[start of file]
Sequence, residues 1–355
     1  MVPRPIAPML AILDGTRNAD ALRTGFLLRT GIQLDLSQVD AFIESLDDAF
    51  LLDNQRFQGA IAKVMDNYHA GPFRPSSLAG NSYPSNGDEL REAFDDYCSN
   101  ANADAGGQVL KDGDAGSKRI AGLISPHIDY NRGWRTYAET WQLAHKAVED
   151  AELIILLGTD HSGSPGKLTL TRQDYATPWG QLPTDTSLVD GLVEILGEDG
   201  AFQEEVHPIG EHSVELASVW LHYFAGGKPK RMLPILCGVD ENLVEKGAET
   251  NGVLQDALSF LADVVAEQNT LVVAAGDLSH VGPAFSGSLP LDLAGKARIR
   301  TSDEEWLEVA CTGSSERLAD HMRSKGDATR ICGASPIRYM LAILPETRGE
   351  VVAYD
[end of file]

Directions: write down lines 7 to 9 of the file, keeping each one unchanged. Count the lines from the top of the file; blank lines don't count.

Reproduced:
   251  NGVLQDALSF LADVVAEQNT LVVAAGDLSH VGPAFSGSLP LDLAGKARIR
   301  TSDEEWLEVA CTGSSERLAD HMRSKGDATR ICGASPIRYM LAILPETRGE
   351  VVAYD